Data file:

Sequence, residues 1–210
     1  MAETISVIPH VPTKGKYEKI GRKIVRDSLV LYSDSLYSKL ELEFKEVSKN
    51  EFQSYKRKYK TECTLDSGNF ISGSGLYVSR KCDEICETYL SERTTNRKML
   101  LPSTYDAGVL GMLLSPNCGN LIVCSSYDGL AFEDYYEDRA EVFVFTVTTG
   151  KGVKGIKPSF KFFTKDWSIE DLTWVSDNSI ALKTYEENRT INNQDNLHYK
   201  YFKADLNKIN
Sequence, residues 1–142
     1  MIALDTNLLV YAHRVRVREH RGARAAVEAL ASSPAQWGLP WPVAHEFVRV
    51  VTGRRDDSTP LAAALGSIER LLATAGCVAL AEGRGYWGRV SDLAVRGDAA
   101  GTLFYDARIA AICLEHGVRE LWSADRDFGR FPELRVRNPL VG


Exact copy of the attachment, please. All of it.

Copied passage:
Sequence, residues 1–210
     1  MAETISVIPH VPTKGKYEKI GRKIVRDSLV LYSDSLYSKL ELEFKEVSKN
    51  EFQSYKRKYK TECTLDSGNF ISGSGLYVSR KCDEICETYL SERTTNRKML
   101  LPSTYDAGVL GMLLSPNCGN LIVCSSYDGL AFEDYYEDRA EVFVFTVTTG
   151  KGVKGIKPSF KFFTKDWSIE DLTWVSDNSI ALKTYEENRT INNQDNLHYK
   201  YFKADLNKIN
Sequence, residues 1–142
     1  MIALDTNLLV YAHRVRVREH RGARAAVEAL ASSPAQWGLP WPVAHEFVRV
    51  VTGRRDDSTP LAAALGSIER LLATAGCVAL AEGRGYWGRV SDLAVRGDAA
   101  GTLFYDARIA AICLEHGVRE LWSADRDFGR FPELRVRNPL VG